Cicero, Marcus. De Oratore. Landmarks in Rhetoric and Public Address. Ed. J. S. Watson. Carbondale: Southern Illinois UP, 1970.
Daniels, Harvey. "Nine Ideas about Language." Language: Readings in Language and Culture. Ed. Virginia Clark et al. 6th ed. New York: St. Martin's, 1998.
Davis, Merrill. Melville's Mardi: A Chartless Voyage. New Haven: Yale UP, 1952.
Dillingham, William. Melville's Short Fiction: 1853-1856. Athens: U of Georgia P, 1977.
_____. An Artist in the Rigging. Athens: U of Georgia P, 1972.
Donaldson, Scott. "The Dark Truth of the Piazza Tales." PMLA 85 (1970): 1082-86.
Finkelstein, Dorothy. Melville's Orienda. New Haven: Yale UP, 1961.
Fisher, Marvin. Going Under. Melville's Short Fiction and the American 1850s. Baton Rouge: Louisiana State UP, 1977.
Fogle, Richard. Melville's Shorter Tales. Norman: U of Oklahoma P, 1960.
Foley, Brian. "Herman Melville and the Example of Sir Thomas Browne." Modern Philology 81(1984): 265-77.
Habermas, Jurgen. Theory of Communicative Action. Trans. Thomas McCarthy. 2 vols. Boston: Beacon Press, 1984.
Higgins, Brian, and Hershel Parker, eds. Herman Melville: The Contemporary Reviews. Boston: Cambridge UP, 1995.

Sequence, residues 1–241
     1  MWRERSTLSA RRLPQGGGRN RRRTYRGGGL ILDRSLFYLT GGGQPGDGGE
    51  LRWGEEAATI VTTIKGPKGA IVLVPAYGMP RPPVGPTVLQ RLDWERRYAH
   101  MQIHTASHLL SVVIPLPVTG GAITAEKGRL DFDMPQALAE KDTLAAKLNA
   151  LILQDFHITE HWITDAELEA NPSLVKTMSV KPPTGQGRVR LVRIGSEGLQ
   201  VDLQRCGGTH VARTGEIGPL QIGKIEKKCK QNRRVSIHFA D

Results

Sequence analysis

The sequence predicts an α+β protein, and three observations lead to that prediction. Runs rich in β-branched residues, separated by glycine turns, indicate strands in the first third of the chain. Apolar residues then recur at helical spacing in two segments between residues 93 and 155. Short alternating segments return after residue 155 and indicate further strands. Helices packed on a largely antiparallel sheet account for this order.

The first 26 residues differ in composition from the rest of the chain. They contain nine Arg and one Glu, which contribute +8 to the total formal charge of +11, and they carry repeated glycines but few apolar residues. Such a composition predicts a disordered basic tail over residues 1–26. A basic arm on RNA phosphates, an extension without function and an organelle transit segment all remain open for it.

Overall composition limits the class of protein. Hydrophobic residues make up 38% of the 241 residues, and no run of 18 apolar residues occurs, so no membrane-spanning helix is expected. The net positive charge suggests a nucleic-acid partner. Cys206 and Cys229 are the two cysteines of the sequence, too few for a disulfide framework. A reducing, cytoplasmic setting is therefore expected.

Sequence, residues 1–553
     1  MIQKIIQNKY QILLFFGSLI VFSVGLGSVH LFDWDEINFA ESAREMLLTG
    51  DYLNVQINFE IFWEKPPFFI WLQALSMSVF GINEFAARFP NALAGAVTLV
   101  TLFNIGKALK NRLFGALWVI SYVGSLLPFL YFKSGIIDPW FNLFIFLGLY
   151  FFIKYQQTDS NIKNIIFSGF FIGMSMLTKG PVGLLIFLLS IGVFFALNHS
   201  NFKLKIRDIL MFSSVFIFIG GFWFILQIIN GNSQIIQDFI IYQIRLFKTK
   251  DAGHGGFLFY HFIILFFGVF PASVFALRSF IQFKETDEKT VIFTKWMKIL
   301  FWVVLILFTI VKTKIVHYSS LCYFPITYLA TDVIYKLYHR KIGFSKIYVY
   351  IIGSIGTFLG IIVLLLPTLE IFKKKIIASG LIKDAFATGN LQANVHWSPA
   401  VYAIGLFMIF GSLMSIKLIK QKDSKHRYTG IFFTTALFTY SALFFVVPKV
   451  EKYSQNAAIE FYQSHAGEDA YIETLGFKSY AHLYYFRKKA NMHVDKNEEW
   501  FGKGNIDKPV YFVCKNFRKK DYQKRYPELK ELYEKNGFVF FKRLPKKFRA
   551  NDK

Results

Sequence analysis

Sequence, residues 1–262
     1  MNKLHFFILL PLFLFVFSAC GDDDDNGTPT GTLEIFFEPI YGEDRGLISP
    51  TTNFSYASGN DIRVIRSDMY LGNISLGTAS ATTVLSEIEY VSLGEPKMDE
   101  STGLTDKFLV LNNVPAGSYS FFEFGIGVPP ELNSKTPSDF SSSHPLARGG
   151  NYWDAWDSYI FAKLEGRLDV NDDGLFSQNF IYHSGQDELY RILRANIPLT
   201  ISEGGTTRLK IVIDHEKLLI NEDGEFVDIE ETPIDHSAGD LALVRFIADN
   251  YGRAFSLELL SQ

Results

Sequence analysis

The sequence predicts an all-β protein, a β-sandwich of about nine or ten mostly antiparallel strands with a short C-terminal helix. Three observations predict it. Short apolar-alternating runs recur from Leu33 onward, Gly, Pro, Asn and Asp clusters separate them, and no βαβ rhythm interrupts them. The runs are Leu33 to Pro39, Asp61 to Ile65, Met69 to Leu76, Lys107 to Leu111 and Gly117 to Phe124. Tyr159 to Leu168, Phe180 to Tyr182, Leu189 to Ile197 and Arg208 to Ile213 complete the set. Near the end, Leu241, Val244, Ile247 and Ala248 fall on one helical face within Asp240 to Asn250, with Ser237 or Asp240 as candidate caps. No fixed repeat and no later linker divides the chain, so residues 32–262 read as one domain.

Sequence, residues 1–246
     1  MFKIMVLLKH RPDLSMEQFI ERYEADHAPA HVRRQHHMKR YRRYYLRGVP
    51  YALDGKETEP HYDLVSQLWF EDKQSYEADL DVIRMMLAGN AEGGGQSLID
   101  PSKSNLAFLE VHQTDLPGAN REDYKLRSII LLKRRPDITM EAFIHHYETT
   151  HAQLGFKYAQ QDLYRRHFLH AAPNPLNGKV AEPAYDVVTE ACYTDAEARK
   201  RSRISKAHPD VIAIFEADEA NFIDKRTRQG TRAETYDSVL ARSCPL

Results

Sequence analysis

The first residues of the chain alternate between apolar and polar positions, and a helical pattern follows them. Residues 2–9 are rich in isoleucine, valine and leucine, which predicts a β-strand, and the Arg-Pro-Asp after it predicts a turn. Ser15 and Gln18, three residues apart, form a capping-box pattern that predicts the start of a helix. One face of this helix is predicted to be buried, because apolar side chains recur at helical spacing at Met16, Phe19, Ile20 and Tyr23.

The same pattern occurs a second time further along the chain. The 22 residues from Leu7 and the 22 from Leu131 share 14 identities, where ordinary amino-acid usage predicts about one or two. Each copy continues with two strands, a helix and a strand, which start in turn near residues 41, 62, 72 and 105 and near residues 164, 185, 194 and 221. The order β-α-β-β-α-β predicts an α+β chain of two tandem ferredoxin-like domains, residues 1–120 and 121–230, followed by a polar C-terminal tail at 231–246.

Johnson, Samuel. A Dictionary of the English Language. 1755. New York: AMS Press, 1967.
Karcher, Carolyn L. Shadow Over the Promised Land. Baton Rouge: Louisiana State UP, 1980.
Kearns, Michael. "Melville's Chaotic Style and the Use of Generative Models: An Essay in Method." Style 30 (1996): 50-68.
Kermode, Frank. The Sense of an Ending: Studies in the Theory of Fiction. Oxford: Oxford UP, 1967.
Leyda, Jay. The Melville Log. 2 vols. New York: Harcourt Brace, 1951.
Lyons, Paul. "Melville and His Precursers: Styles as Metastyle and Allusion." American Literature 62 (1990): 445-63.
Melville, Herman. Mardi. Ed. Harrison Hayford et al. Vol. 3. Evanston: Northwestern UP-Newberry, 1970.
_____. Moby-Dick. The Writings of Herman Melville. Ed. Harrison Hayford et al. Vol. 6. Evanston: Northwestern UP-Newberry, 1988.
_____. The Piazza Tales. The Writings of Herman Melville. Ed. Harrison Hayford et al. Vol. 9. Evanston: Northwestern UP-Newberry, 1987.
Moore, Maxine. That Lonely Game. Missouri: U of Missouri P, 1975.
Parker, Hershel. Melville: A Biography. Baltimore: John Hopkins UP, 1996.